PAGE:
ECLIPSE FESTIVAL 2017: Resonance- Ste-Thérèse-de-la-Gatineau, Qc, Canada
This August will be well remembered for the Total Solar Eclipse that will traverse the continent of North America, and the epic Oregon Eclipse festival that will draw 30,000 people from all over the world.
However, our August started with an eclipse of a different kind, Eclipse: Resonance. A vibrant Psytrance Festival held in the woods of Quebec, on a camp ground by the name of Bonnet Rouge in Sainte-Thérèse-de-la-Gatineau. To our knowledge, it was going to skip a year and return in 2018, but when we got the news that they would indeed green light 2017, we had to attend for our second straight year.
Psytrance lies at the underground end of the diverse trance spectrum and offers up a bonafide variety of moods, tempo, and styles. Some examples include Full On, Darkpsy, Hi-Tech, Progressive, Suomi, Psy-chill, Psycore, Psybient, and Psybreaks (or “adapted” tracks from other music genres). Psychedelic trance has a distinctive, energetic sound (generally between 145 and 150 BPM). It tends to be faster than other forms of trance or techno music and uses a very distinctive resonated bass beat that pounds constantly throughout the song, then overlaid with varying rhythms drawn from funk, techno, dance, acid house, eurodance and trance by using drums and other instruments. But that’s nothing until you actually hear it! It’s highly energetic and can sweep you up into a meditative dancing trance for hours on end.
You can read all about Psytrance in our feature article here: ‘What is Psytrance? The History of Psychedelic Trance’.
Of course, there was more than Psytrance on offer at the festival. 3 stages in total brought us the sounds for the weekend: one for house/techno (Lunar), one for downtempo (Stellar, by the river) and the main stage for Psytrance (Solar). However, the psytrance was king, and that music from the Solar kept going all weekend, 96 hours straight. That is one of the most memorable features of the entire experience. We undoubtedly heard all the genres by the end of the festival.
But it wasn’t a weekend just for the music. The festival offered a festive, vibrant and unique experience by including fire dance performances, LED shows, pyrotechnics, and acrobatics from Mystika Circus. A troupe made up of artists from Quebec, Mexico, New York and Toronto who included Dan & Golem, Sisters of the Blooming Sun, and Fire Crackers. Costumed characters were again seen wandering the grounds, and one of our most memorable moments came from a young child who took a liking to a disco ball being wielded by a clown on stilts, and decided to attempt to wrestle it from his hands (see photo). We can only imagine that this same young lady must have been a well-known ball of energy in the Children’s Village where they had activities such as body painting, instrument making, painting classes and bracelet making (which was open to all).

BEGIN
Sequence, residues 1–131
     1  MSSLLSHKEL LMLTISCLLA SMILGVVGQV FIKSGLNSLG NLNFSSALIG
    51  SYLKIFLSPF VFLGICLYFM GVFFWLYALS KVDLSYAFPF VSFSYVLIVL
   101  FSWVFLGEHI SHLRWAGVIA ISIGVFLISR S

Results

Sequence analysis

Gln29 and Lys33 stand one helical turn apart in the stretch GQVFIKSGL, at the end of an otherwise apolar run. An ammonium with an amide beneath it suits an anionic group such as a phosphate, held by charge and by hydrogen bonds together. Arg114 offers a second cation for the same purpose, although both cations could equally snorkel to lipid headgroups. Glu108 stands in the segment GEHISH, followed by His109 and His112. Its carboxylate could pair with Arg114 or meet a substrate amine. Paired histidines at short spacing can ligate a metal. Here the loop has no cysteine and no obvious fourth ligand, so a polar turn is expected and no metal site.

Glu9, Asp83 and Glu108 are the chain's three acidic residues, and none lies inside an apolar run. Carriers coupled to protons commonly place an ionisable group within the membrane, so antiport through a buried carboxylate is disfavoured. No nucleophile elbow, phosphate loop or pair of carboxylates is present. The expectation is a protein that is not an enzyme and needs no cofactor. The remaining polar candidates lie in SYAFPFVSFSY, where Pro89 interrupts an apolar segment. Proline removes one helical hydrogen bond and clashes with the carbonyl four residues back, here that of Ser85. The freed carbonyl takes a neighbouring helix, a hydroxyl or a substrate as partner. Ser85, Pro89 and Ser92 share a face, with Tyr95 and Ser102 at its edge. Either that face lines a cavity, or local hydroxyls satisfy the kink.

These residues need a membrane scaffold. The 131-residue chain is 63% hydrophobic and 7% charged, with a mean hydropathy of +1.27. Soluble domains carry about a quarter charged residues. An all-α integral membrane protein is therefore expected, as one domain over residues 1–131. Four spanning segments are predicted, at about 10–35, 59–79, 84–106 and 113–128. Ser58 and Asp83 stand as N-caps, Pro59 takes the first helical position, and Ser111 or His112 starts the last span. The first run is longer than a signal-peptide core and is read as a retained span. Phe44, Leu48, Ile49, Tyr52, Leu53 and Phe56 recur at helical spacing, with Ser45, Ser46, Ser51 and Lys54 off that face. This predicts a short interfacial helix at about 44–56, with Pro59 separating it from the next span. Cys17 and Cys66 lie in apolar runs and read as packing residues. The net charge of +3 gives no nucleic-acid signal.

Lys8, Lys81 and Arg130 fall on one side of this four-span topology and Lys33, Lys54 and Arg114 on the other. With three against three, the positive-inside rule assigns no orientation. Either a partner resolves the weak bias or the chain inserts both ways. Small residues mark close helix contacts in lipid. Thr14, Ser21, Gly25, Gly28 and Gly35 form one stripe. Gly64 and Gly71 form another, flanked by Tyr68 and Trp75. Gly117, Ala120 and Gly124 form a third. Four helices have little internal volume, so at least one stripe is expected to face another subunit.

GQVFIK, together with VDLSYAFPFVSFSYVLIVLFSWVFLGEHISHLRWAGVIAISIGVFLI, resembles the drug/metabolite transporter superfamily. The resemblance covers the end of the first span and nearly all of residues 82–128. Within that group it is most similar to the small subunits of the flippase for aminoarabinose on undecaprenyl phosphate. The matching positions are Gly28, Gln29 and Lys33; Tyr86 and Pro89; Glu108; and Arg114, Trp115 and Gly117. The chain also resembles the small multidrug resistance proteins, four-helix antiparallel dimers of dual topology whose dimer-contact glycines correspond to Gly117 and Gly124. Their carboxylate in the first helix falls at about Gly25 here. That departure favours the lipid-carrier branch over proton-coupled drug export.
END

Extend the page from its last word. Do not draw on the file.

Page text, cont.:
On the first evening of the festival, when raindrops fell, we jetted into the Dome Theater to catch the tail end of Easy Rider and then gladly stayed to watch the classic Jonny Dep feature Fear and Loathing in Las Vegas. Throughout the weekend you could catch anything from acclaimed foreign films, to classics, to Disney movies.
Of course, there’s no quality festival in today’s landscape that does not offer Acroyoga and Ecstatic Dance Movement, so if you haven’t tried these, please do! They are fun, interactive, and a great stretch.
Lectures on offer this year covered topics such as ‘Introduction to the Mayan World and the 3 Main Mayan Calendars’, ‘Grow Your Own Superfoods’, and ‘Introduction to Medicinal and Edible Mushrooms’. It’s the mix of all of these varied activities that creates such well-rounded enjoyment of the event.